Daylight Saving Time. Might as well call it Cranky Insomnia Week.
I remember being annoyed by the time change before I was a parent. Sometimes I forgot to change a clock, and missed an appointment. Sometimes I overslept. Sometimes I was just tired the next day.
None of those times did I have to deal with a child who broke down crying for absolutely no reason in the middle of the afternoon, because she was an hour short of sleep. I hate envying my pre-child self, but for the few days after “Spring Forward,” I am retroactively green.
This, however, is a most minor of sleep issues. It will resolve within a couple of days. If I were a more organized person, and remembered to put her to bed an hour early on the Saturday before the time change, it might even be avoided.
What can’t be avoided is my own consistent shortage of sleep.
Sleep is the subject of the biggest of lies parents tell people that aren’t parents. Babies who always sleep through the night from the hospital on. Elementary school children who go to sleep with just a kiss and a cuddle. High school students who hop out of bed for before-school band practice. I have been subjected to the stories of these imaginary kids since I first admitted to being pregnant.
Lies. I do believe that these miracles exist, but not near the number that are claimed.
At the worst, if you get a really good friend with a couple of glasses of wine in her, she might admit to having a really hard time getting rest during the child’s first six weeks. With the frequent waking-up for feedings, middle of the night diaper changes, and jolting awake to the awareness that you are about to roll over onto a small soft thing that you’ve fallen asleep next to, people will admit that the beginning is hard.
But they tell you that it gets better quickly. “Six weeks. Two months at the max, and you’ll be in a rhythm.”
Lies, I tell you.
If it gets better that quickly, why are none of these women surprised when someone with a 2 year old shows up to a moms group event in pajama pants, mismatched socks, and her shirt buttoned wrong? We don't look shocked. We get that poor woman a coffee.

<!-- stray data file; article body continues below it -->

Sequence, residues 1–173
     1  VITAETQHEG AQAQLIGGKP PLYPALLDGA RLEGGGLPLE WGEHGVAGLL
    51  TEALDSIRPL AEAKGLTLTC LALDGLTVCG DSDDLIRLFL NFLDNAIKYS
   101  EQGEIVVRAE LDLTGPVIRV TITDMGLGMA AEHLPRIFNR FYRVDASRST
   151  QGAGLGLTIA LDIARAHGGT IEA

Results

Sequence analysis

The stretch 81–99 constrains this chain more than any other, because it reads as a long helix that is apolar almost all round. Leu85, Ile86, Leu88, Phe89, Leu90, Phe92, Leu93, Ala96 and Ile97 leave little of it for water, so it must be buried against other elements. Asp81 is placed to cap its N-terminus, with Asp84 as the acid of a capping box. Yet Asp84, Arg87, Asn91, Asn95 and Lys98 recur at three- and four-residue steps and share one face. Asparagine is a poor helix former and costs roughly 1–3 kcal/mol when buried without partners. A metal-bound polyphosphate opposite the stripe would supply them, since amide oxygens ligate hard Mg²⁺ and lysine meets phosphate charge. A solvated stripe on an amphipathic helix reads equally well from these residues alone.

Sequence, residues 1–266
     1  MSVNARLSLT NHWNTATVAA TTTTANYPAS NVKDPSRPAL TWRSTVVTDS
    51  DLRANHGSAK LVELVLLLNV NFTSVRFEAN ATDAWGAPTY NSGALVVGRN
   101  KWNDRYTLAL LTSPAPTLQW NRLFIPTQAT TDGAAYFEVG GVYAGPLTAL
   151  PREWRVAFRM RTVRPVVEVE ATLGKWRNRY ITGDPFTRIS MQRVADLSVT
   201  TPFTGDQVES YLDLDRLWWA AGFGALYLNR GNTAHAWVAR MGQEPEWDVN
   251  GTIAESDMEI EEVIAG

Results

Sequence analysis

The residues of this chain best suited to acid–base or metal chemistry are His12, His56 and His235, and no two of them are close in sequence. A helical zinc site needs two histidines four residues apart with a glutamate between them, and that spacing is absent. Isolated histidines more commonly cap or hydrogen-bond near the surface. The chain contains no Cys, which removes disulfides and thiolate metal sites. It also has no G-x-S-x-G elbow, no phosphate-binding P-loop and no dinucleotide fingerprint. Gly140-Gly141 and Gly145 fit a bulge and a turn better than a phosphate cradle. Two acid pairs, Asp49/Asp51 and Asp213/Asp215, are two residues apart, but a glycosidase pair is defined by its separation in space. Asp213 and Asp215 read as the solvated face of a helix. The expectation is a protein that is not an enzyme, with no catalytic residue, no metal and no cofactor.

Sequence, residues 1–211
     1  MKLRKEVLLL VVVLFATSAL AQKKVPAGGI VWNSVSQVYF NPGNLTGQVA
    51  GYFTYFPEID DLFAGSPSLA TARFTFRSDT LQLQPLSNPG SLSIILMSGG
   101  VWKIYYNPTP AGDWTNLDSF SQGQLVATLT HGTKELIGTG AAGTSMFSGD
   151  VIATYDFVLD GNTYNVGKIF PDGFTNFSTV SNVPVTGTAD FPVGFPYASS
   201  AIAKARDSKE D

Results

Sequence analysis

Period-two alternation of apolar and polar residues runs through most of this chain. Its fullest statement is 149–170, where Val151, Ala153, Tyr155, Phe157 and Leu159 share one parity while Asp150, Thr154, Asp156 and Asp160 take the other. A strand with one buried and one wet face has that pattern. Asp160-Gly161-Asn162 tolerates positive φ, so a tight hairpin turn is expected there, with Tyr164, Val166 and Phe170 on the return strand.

My infant daughter liked best to sleep touching one of us. We, on the other hand, preferred to sleep while not being kicked in the head by our child, who sleeps like the Tasmanian Devil travels. This was a slight conflict, which led to a lot of daytime naps lying on us while we did something else, and nights of sleeping in her own crib, which was literally right next to my bed. Separation anxiety from six inches away led to much crying, and a long bedtime routine to soothe her.
The bedtime routine remains long. Teeth, story, songs, cuddles…it’s a good half-hour before she goes down. And any minute we relax thereafter can be interrupted by the pat pat of small feet at the top of the stairs and the hesitant moment while she decides which name to call by looking at the stiffening parental shoulders to judge who will be less annoyed by the summons.
It’s no easier on the other end of sleep. My husband and I often look at each other when she crawls into bed with us at the crack of dawn to sing “Good Morning Starshine.” That look is a joke about how great it will be when she’s a teenager and sleeps 'til noon, and we are the ones that have to wake her.
My experience, however, makes me believe that too will be a challenge when that time comes. Sleep is never easy when there’s a child involved. I doubt that putting a 1 in front of her age will change that.
Sleep is a gift. As the Barenaked Ladies song says, “Be happy with what you’re getting. There’s a guy who’s been awake since the Second World War.”
I bet you that guy has a kid.